“A pap smear and HPV test will detect virtually all precancerous changes and cervical cancers,” says Dr. Niemann. “Women should talk with their doctors about what screenings are right for their age and sexual history, and the frequency of screenings.”

In general, guidelines say all women should be screened for cervical cancer with a pap smear starting at age 21. Women 30 and over should have a pap smear and HPV screening together. If both are negative, testing is recommended every five years. A positive test for either HPV or the presence of abnormal cells leads to further evaluation.

“With a positive result, the next steps will depend on a patient’s age, the exact findings from the pap, and which HPV strain is present,” Dr Niemann explains. “In some instances, the pap/HPV test is repeated in six months to one year and in others, further examination of the cervix and possibly a biopsy may be the next step.”

In cases where treatment is necessary, the most common types of treatment to remove the tissue are:

  • Cold knife conization – a hospital procedure requiring anesthesia where the tissue is removed with a scalpel
  • Cryotherapy – an office procedure where the abnormal tissue is frozen off.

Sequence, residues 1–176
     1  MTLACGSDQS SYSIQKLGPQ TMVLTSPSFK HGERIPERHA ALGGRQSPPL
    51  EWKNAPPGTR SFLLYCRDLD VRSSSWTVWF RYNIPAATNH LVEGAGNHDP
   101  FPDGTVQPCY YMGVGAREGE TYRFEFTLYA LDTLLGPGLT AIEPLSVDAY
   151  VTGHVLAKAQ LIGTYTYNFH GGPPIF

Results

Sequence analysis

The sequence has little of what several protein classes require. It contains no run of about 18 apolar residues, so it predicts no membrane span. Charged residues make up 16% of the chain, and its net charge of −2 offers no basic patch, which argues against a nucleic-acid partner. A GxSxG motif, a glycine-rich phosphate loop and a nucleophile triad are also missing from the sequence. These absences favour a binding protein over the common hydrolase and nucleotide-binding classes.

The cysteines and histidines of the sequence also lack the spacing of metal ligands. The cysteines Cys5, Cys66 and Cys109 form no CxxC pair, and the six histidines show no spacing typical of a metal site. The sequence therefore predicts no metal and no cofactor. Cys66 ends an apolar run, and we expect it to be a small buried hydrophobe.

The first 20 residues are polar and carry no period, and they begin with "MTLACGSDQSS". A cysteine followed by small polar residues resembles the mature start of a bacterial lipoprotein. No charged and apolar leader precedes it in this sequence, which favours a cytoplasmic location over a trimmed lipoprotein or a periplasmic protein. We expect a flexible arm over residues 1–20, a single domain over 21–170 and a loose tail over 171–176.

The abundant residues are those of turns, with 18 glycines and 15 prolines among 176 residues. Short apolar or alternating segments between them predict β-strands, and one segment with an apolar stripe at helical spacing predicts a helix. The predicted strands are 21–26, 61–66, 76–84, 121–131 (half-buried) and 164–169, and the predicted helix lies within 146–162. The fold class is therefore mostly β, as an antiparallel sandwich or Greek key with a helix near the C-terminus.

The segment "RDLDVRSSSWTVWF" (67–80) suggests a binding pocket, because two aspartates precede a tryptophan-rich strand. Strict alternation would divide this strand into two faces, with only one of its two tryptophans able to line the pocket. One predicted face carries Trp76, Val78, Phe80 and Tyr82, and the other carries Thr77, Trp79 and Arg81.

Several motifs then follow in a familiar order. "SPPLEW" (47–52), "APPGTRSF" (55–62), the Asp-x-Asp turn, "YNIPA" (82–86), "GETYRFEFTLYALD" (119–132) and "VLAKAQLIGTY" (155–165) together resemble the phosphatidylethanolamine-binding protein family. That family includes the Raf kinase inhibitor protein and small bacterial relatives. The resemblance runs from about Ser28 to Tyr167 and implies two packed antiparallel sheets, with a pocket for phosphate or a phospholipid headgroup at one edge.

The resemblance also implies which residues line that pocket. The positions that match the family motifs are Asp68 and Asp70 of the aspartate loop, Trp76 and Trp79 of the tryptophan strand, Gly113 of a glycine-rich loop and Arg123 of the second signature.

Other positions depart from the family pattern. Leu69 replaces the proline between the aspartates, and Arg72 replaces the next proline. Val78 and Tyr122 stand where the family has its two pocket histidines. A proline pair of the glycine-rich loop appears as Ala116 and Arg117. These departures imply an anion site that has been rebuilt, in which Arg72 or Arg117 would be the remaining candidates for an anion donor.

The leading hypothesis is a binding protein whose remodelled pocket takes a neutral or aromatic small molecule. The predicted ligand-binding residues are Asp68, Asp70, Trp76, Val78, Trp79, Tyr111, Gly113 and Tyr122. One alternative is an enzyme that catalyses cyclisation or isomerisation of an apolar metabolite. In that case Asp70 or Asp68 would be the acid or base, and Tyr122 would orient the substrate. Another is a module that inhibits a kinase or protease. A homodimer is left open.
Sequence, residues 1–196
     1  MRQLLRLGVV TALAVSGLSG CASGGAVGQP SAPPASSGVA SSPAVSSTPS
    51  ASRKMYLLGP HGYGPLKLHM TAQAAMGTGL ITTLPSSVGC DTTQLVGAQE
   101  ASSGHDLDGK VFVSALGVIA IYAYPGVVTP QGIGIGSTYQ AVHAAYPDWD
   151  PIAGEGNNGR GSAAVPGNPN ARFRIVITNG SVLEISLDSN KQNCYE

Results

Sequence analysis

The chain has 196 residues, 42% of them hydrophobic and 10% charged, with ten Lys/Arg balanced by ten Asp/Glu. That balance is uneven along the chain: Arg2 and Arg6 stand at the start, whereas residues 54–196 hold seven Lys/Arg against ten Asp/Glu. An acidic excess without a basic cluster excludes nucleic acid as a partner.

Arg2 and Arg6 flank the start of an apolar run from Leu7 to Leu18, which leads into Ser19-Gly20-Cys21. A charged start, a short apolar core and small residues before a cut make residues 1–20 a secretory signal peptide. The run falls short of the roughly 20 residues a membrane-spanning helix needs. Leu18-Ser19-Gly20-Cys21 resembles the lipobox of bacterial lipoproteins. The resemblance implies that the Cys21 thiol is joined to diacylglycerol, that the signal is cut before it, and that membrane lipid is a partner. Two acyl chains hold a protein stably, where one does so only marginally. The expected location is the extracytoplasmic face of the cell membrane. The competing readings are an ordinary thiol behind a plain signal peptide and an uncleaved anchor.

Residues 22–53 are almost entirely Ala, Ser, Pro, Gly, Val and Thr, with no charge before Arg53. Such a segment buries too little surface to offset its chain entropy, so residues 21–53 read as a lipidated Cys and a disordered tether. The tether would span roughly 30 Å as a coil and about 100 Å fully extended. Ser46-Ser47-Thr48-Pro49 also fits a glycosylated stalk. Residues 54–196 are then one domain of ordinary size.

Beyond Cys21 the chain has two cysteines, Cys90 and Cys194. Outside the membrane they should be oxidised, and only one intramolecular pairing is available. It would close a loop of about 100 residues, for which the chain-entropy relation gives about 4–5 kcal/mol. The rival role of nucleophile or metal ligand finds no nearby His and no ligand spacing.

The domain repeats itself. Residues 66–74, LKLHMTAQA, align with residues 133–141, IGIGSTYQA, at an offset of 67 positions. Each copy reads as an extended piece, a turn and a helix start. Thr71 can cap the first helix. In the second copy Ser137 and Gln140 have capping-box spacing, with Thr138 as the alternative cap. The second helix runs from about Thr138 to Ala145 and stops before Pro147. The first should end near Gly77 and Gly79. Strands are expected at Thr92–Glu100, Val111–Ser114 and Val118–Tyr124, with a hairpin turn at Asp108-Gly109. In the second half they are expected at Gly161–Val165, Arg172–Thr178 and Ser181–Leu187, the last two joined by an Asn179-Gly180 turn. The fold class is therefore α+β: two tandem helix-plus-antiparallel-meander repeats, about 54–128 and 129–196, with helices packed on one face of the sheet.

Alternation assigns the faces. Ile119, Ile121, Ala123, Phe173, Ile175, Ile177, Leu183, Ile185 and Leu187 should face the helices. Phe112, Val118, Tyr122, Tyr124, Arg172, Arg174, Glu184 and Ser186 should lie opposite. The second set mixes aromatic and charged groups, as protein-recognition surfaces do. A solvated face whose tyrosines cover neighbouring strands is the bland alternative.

• Laser therapy – a hospital procedure requiring anesthesia where a laser destroys the tissue
  • LEEP (loop electrosurgical excision procedure) – an office procedure with local anesthesia where a thin wire loop, through which an electrical current is passed, is used to remove abnormal tissue

HPV is linked to other cancers

More and more research now supports the direct connection of certain HPV strains to cancers of the anus, vulva, vagina, penis, and head and neck.

There is a safe vaccine for HPV

There are currently three vaccines that protect against some of the higher risk strains of HPV, specifically strains 16 and 18. The vaccine is considered the best defense against cervical, head and neck, anal and penile cancers.

Because the vaccine is most effective before someone is exposed to HPV, it is widely advised to vaccinate kids and teens aged 9-14, with the hope of protecting them before they become sexually active. The vaccine has for some time been available for adults up to age 26, and has recently been approved for men and women up to age 45.

“This is the very best defense against cancers caused by HPV,” stresses Dr. Niemann. “As a woman, you significantly decrease your risk of cervical cancer as well as other cancers. I always advise patients to get the vaccine and to vaccinate their kids. This gives them lifetime protection against HPV-causing cancers.”

Women’s care for the ages

When you’re looking for experienced and compassionate women’s care, HCA Midwest Health is there for you. Our women’s specialists offer expertise and personalized care in all aspects of obstetrics and gynecology, from routine well-woman care to prenatal and childbirth care to treatment for menopause symptoms, adolescent gynecology or other gynecologic health issues.